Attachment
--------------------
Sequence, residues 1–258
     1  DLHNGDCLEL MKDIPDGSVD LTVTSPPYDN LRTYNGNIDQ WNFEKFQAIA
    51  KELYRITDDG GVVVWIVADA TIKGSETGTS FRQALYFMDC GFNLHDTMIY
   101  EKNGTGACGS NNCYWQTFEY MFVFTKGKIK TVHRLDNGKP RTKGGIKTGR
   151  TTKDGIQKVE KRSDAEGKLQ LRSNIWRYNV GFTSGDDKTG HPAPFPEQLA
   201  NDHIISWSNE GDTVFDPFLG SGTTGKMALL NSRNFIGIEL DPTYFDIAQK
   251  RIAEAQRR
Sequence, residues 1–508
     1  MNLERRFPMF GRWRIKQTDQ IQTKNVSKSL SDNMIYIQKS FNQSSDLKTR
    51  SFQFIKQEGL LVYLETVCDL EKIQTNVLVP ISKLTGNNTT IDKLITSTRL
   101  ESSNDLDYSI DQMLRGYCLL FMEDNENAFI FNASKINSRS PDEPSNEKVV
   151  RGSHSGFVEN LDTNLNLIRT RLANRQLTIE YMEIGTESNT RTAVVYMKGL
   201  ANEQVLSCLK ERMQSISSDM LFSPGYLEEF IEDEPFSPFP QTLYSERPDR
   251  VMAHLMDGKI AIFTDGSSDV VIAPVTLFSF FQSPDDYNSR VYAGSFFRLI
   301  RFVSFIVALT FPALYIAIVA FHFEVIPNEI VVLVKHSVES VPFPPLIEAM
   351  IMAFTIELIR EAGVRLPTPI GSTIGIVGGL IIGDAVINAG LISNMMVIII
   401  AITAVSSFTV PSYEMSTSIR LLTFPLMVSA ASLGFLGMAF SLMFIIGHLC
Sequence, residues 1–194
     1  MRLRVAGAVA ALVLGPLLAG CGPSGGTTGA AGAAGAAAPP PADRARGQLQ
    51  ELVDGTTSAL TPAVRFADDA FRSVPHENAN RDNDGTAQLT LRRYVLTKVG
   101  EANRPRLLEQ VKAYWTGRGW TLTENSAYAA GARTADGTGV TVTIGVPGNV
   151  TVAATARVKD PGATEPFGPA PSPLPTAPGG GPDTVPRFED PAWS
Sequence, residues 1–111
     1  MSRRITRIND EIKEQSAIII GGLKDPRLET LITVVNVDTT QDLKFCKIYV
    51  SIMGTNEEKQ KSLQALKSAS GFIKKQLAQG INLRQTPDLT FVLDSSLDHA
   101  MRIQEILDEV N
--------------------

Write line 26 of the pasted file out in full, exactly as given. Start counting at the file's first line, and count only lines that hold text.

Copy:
   101  MRIQEILDEV N